oriented companies than before, certainly more companies doing
MARY KATE O’CONNELL (O’Connell and Company): Theater
has always provided an escape from the “real world” and these
days, we need that escape even more. More and more, our
audience wants to laugh.
O’NEILL: I would love to see more companies take on
challenging work like Torn Space and RLTP; they don’t go for the
HARRIS: In this political climate, theaters are exploring more
issues, and theater patrons embrace more difficult themes when
they are presented in a production versus during a conversation.
O’NEILL: The other trend is audiences becoming younger in the
sense that when I sit at a theater, I’m not the youngest person in
the house. It’s a slow trend, but a definite one.
ELKIN: JRT is also attracting a larger and larger non-Jewish
audience, and as I look across the hill at Shakespeare in Delaware
Park, I am seeing a greater demographic mix. The more varied and
interesting the menu, the more audiences are responding.
To what do you attribute these changes?
O’DONNELL: The loss of Studio Arena. Studio did some
amazing work and really put Buffalo on the national map. The
trouble was and still is that the public perception is that Studio did
the best work and deserved most of the attention and publicity.
Ten years later, the other theaters are [still] trying to make
themselves the theater that deserves the accolades, funding, and
respect, when, in fact, they have always deserved all of that.
BEHREND: It can’t hurt that there’s more people living and
working in the city. Especially with my All For One partners,
there’s been a lot of discussion of how we need to be a part of the
conversation about this new Buffalo. [ We’re creating] something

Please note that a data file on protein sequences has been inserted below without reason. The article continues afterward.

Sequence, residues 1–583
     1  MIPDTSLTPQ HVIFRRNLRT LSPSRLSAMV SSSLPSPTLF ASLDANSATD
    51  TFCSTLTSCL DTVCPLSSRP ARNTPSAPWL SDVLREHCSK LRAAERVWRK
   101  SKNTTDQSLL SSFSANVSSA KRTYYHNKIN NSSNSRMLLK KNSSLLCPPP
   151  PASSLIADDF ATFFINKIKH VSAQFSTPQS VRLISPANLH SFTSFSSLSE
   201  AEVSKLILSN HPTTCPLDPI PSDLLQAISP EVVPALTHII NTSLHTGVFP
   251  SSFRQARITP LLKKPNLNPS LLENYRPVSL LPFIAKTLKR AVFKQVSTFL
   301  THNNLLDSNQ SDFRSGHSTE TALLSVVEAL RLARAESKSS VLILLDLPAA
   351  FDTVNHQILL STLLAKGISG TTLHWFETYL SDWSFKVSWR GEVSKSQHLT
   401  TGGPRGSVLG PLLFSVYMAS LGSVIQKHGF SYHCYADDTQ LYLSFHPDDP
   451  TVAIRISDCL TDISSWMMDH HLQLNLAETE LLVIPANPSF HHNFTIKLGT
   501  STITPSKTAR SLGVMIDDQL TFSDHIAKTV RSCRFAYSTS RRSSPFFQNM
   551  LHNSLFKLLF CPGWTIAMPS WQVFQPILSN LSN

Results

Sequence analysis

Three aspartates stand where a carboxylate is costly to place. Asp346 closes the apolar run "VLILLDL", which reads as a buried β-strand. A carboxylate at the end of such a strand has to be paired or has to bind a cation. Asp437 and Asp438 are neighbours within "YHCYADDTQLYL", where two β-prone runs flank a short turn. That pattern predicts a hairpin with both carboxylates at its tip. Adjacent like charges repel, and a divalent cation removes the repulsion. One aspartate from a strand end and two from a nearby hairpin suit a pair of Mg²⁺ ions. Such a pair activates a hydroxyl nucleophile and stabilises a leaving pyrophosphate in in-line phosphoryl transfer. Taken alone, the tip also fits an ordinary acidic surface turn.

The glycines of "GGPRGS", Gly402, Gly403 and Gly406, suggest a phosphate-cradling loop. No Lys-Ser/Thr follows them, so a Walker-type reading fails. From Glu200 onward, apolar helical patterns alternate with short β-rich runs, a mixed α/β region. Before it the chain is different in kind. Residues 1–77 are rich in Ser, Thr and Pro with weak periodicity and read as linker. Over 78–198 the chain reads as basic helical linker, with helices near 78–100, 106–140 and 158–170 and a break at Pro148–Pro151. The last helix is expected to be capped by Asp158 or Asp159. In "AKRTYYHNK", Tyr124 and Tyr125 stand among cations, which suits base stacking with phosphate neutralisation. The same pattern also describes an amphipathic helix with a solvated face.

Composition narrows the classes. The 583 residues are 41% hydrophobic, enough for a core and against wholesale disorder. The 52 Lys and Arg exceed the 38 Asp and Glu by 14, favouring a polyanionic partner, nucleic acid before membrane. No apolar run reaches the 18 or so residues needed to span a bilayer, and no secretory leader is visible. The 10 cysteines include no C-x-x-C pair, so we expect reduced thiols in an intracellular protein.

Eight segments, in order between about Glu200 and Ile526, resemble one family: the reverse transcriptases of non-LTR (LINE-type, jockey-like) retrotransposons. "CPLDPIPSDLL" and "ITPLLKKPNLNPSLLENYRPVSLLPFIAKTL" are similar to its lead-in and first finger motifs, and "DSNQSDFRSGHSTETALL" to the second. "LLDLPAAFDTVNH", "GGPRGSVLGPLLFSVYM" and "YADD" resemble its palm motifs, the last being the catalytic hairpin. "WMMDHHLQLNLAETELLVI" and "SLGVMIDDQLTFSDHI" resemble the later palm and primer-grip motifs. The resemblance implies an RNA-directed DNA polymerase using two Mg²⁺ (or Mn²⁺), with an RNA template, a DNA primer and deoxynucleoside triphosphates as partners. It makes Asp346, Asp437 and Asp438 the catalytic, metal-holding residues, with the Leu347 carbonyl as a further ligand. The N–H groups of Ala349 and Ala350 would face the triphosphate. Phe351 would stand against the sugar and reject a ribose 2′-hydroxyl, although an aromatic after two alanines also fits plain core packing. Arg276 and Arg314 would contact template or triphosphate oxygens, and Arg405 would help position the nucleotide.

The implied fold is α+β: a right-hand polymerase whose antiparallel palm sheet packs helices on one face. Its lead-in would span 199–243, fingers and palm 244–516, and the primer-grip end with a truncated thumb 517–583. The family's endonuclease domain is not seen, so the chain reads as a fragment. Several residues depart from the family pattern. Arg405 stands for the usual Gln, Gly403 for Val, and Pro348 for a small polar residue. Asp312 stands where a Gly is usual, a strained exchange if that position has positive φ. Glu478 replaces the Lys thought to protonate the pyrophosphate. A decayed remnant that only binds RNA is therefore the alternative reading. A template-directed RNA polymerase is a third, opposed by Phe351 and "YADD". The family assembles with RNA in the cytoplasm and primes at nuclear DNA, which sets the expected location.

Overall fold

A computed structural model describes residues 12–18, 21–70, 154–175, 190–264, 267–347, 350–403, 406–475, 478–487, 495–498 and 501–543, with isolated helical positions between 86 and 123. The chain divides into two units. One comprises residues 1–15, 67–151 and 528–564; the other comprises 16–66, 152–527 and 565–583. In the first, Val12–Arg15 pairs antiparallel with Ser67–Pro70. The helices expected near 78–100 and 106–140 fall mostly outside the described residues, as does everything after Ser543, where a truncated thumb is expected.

that is going to be noticed by the public, hopefully bring new
people, and push the entire sector forward.
O’NEILL: This antiquated notion that we’re in competition is
BEHREND: We’re gonna start compiling data—where are
patrons from, who they are, what they want to see. That will
hopefully have a huge effect not only on 710 but all of our
theaters, and from there, we’ll see a trickledown effect. As a
community, we’re still trying to figure out what’s next, and this is
a first step.
O’NEILL: Critical mass helps all of us, not just in terms of
number of theaters but also the number of restaurants and people
employed and living the downtown corridor.
BEHREND: Most theaters in town are trying to reach out to
new audiences, including younger people.
In the past decade, what changes have
you had to make in order to adapt?
MEG QUINN ( Theatre of Youth): We called
our forty-fifth season our year of reflection,
and new information has stimulated how we
do things. It goes back to your audience and
what they’re looking for and trying to step
up. We want to give enough choice around
what people know and feel comfortable
with and, at the same time, plug in one or
two a season that are artistically exciting—
O’NEILL: If Hamilton is going on at
Shea’s, we know there will be parking issues.
We’re also not going to do a massive musical
to compete with Hamilton, so we’ll do
quintessentially classic Irish. If Kav opens The
Producers, we wouldn’t do The Music Man in
the same slot.
O’CONNELL: With more groups on the
scene, we have to be more creative in getting and keeping our
audience’s interest and dedication. Step up our game!